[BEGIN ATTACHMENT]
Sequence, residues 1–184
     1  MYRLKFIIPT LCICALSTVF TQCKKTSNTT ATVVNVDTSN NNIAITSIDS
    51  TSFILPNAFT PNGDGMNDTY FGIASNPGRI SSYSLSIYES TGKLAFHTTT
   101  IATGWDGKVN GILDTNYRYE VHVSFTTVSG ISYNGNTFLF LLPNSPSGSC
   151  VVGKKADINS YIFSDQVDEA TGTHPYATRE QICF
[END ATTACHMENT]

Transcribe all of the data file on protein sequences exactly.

Sequence, residues 1–184
     1  MYRLKFIIPT LCICALSTVF TQCKKTSNTT ATVVNVDTSN NNIAITSIDS
    51  TSFILPNAFT PNGDGMNDTY FGIASNPGRI SSYSLSIYES TGKLAFHTTT
   101  IATGWDGKVN GILDTNYRYE VHVSFTTVSG ISYNGNTFLF LLPNSPSGSC
   151  VVGKKADINS YIFSDQVDEA TGTHPYATRE QICF